Canon issues a security advisory for PTP equipped EOS DSLRs, EOS mirrorless and PowerShot cameras

TomDibble

I'm New Here
Jun 15, 2017
17
3
The researchers did eventually find the keys but ML did not leak them, a quote from the article: "Being open-source, we hoped that ML would somehow publish this encryption key, allowing us to decrypt the firmware on our own. Unfortunately, that turned out not to be the case. Not only does ML intentionally keep the encryption key secret, we couldn’t even find the key anywhere in the internet. Yet another dead end."

"Usual" black-hat "policy" is to wait till a solution is published or two-months if the company is blowing you off. It seems like the former although they may have rushed it by a day or two to present at a conference.

I agree it's a big deal but it's better to have it done by a black-hat than the next round, probably looking at other brands, that wont be. Search for "security by obscurity" and you will find many resources on why that is a bad idea.
Just a quick note on terminology (and apologies if this was already corrected in the ensuing pages of replies I haven't gotten to yet). You are describing "white hat" (or "ethical") hackers. "Black hat" is who have now been alerted to this PTP flaw and will be working to make money off it rather than report it to Canon.

"White" vs "black" hats refer to the old cowboy movie custom where the "good guys" always (or at least frequently) wore light-colored cowboy hats, and the "bad guys" would wear dark-colored hats. A white-hat hacker is using the tools of hacking but with the goal of closing any weakness they find rather than exploiting it.

 
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TomDibble

I'm New Here
Jun 15, 2017
17
3
A few notes from reading the write-up and my memory of the 80D settings (aided slightly by the 80D manual I have in front of me unlike my camera which is at home).

  1. The WiFi attack hinges on spoofing an access point. That immediately got my notice because I have never connected my camera to an access point; instead I connect my phone to my camera (with the camera itself acting as the access point). At least that is how it appears when I'm remote at a softball field and want to review some shots on a better screen than the one on the back of the 80D (aside: that is just an atrocious quality LCD, with horrible color gamut and brightness controls). Is Canon's software instead somehow making my iPhone act as an access point and then the camera automatically connecting to that???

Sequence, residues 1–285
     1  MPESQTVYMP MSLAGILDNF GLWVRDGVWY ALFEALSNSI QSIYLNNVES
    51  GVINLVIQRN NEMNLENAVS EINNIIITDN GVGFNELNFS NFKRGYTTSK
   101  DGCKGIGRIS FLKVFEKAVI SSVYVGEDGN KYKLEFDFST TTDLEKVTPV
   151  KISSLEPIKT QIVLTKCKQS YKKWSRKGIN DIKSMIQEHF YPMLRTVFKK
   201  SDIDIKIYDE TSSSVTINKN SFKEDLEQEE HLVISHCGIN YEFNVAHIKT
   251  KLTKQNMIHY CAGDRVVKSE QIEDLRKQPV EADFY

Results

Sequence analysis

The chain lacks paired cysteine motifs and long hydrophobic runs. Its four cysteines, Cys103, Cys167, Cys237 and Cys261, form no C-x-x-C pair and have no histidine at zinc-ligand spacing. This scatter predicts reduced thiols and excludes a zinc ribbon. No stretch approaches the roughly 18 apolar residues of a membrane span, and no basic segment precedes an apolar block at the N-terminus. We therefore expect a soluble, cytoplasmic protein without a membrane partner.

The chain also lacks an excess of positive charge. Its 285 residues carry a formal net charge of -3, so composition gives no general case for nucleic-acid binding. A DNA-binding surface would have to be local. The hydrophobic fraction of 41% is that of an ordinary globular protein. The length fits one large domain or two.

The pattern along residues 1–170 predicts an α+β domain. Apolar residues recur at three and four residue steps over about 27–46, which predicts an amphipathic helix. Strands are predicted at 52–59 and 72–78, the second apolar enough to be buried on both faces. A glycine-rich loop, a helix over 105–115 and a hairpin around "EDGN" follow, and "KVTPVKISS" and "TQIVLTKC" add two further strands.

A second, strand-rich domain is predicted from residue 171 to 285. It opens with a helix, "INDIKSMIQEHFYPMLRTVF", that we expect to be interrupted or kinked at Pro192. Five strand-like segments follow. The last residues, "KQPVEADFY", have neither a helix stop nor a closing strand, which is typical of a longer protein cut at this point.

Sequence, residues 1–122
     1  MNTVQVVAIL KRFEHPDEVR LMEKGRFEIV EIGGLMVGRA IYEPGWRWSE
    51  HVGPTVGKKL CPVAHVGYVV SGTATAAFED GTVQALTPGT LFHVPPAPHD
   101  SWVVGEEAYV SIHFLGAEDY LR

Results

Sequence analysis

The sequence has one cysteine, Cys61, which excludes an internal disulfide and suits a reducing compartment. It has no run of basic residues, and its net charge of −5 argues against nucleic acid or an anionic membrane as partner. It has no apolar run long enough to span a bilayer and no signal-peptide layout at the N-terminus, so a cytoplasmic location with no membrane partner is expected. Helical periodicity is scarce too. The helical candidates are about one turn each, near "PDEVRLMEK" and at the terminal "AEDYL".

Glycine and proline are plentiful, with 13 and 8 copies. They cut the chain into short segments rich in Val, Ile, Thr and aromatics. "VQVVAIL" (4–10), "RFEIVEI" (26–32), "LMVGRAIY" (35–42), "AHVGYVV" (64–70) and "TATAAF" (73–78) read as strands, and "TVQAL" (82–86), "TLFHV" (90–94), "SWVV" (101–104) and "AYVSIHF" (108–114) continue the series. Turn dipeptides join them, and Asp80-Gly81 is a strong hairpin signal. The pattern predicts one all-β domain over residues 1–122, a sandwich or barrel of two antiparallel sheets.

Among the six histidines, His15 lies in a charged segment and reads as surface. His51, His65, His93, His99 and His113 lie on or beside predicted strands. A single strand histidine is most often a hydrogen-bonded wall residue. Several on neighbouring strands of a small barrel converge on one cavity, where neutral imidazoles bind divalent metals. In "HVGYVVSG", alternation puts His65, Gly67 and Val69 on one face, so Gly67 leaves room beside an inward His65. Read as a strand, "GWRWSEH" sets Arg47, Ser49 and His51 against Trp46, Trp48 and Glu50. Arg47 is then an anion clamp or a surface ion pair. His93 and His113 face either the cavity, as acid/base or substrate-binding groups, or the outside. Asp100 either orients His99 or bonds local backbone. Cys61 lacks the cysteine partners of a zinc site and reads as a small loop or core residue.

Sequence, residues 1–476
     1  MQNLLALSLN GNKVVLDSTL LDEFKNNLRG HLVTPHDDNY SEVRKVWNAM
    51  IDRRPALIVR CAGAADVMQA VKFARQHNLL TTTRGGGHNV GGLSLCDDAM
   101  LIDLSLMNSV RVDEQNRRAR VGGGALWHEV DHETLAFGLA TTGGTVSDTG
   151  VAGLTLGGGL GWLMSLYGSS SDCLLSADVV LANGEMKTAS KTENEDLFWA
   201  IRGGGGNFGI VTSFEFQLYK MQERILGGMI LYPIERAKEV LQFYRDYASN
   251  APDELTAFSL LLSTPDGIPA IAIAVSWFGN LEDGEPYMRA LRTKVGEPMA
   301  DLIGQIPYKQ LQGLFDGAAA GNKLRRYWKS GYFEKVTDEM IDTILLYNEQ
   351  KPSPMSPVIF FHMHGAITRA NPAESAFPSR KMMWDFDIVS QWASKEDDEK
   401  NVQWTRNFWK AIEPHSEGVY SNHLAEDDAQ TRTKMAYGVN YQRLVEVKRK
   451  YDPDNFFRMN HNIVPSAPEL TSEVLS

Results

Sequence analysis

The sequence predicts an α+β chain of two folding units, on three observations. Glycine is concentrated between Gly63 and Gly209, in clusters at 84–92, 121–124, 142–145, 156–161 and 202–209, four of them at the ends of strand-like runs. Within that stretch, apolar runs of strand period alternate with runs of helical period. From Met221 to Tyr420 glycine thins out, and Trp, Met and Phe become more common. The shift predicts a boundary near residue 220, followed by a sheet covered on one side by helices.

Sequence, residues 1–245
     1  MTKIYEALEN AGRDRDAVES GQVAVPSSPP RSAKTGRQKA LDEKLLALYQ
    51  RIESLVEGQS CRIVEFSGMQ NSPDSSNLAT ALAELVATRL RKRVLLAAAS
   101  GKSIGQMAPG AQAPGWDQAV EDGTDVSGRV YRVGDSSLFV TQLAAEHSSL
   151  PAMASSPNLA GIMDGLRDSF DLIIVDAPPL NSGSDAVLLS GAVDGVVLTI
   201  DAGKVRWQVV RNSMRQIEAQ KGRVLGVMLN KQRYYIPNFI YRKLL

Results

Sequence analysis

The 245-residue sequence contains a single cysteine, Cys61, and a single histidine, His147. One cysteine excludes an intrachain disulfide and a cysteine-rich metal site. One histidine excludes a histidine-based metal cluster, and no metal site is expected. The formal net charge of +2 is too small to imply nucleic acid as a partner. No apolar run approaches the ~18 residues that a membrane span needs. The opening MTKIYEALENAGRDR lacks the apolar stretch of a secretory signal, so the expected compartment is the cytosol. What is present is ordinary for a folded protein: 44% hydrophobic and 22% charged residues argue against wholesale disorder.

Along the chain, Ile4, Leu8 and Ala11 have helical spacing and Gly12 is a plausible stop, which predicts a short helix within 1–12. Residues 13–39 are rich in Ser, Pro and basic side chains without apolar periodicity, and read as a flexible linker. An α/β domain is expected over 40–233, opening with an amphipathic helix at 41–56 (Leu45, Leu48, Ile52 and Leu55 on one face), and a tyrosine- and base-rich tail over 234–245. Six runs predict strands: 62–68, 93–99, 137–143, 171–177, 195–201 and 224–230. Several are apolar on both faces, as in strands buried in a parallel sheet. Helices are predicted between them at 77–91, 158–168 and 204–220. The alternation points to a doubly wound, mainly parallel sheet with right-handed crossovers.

2. Checking the 80D manual, the mode where the camera connects to an access point is called "Advanced Connection", unlike "Easy Connection" which is what the phone app and lazy consumerish folks like me would follow instead.
  3. In "Easy Mode" one particularly insecure mode is the NFC triggering of a connection to a phone and picture transfer (presumably opening up a PTP session). Not having a phone with exposed NFC (I don't think Apple exposes the NFC interface to app developers), I have always had "Allow NFC Connections" unchecked. Presumably that stops an NFC phone from auto-connecting at all, not later on in the PTP communications, but I haven't verified. In any case, NFC is generally pretty short-range so triggering that would take a bit more of a personal touch by a hacker.
  4. For the "Connect to Smartphone" side of Easy Connect, Camera Connect needs to be on the smarphone, similar to EOS Utility on the computer. Camera Connect verifies the WiFi connection (Phone as client of the camera), then acts as (presumably) a PTP client allowing for picture transfer, control, and presumably somewhere in there (since for some insane reason the PTP/IP folks decided this functionality should be in PTP/IP not just when you had a hard tethered connection to the camera) firmware updates (aside: the EOS 80D firmware is on 1.02 if I recall correctly. Firmware updates happen les than once in a blue moon: there is no reason for them to be made seamless and interactionless!!!). In any case, the actual connection is made using the phone's WiFi settings screen, by selecting the camera's broadcast SSID to connect to, and typing in (if it hasn't already been saved in your settings) the "encryption key". The manual doesn't appear to specify which version of WPA it is using here, but I would be surprised if it wasn't the most recent version which is relatively secure (more about that later) and also supported in the "advanced configuration" so they have the hardware for it.